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Prof. Dr. Petra Stykow Крушение социализма: Пути преодоления господства коммунистических партий.

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Presentation on theme: "Prof. Dr. Petra Stykow Крушение социализма: Пути преодоления господства коммунистических партий."— Presentation transcript:

1 Prof. Dr. Petra Stykow Крушение социализма: Пути преодоления господства коммунистических партий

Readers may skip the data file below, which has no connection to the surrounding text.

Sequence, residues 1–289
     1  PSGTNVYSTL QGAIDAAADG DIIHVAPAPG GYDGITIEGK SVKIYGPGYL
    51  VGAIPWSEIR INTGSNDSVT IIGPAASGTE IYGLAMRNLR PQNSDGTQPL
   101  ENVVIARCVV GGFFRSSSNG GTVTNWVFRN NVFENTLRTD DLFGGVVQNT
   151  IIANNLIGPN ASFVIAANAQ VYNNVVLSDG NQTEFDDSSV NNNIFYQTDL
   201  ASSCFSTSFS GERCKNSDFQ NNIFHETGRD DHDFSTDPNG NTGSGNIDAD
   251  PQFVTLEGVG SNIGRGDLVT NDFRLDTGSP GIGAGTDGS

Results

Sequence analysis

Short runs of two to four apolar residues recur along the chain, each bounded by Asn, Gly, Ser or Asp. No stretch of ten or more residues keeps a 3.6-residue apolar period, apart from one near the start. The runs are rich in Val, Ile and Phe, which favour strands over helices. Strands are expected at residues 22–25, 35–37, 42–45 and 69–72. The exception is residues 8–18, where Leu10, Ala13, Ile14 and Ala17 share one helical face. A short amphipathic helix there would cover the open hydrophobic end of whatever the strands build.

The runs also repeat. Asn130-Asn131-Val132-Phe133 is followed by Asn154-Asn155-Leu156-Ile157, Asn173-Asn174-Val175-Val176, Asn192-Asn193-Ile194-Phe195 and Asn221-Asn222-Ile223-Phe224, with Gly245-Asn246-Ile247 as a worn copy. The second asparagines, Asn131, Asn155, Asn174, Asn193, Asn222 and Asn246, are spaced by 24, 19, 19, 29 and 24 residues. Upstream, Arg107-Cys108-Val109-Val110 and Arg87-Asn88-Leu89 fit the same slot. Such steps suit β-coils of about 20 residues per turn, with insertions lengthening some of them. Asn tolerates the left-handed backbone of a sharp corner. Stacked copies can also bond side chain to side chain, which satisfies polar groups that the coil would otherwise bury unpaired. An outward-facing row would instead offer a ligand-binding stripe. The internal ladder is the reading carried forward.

2 Modern Regime Types (Ideal Types) AuthoritarianismTotalitarianismDemocracy Leadershipexercises power within formally ill- defined but actually quite predictable norms; some autonomy in state careers and in military rules with undefined limits and great unpredictability for members and nonmembers; often charismatic; recruitment to top leadership highly dependent on success and commitment in party organization produced by free elections and must be exercised within constitutional limits and state of law; must be periodically subjected to and produced by free elections Pluralismlimited, not respon- sible pluralism; often quite extensive social and economic plura- lism no significant economic, social, or political pluralism; official party has de jure and de facto monopoly of power; no space for second economy or parallel society responsible political plura- lism; extensive areas of pluralist autonomy in economy, society, and internal life of organizations Ideologyno elaborated and guiding ideology, distinctive mentalities elaborated and guiding ideology that articulates a reachable utopia; commitment to some holistic conception of humanity and society commitment to citizenship and procedural rules of con- testation; respect for rights of minorities, state of law, and value of individualism Mobiliza- tion no extensive or intensive political mobilization extensive (top-down) mobiliza- tion via regime-created organizations; mobilization of „enthusiasm“ participation via autono- mously generated organi- zation of civil society and competing parties; low regime mobilization – high citizen mobilization Linz, Juan J.; Stepan, Alfred, 1996: Problems of Democratic Transition and Consolidation. Southern Europe, South America, and Post-Communist Europe. Baltimore/London: The Johns Hopkins University Press, ch. 3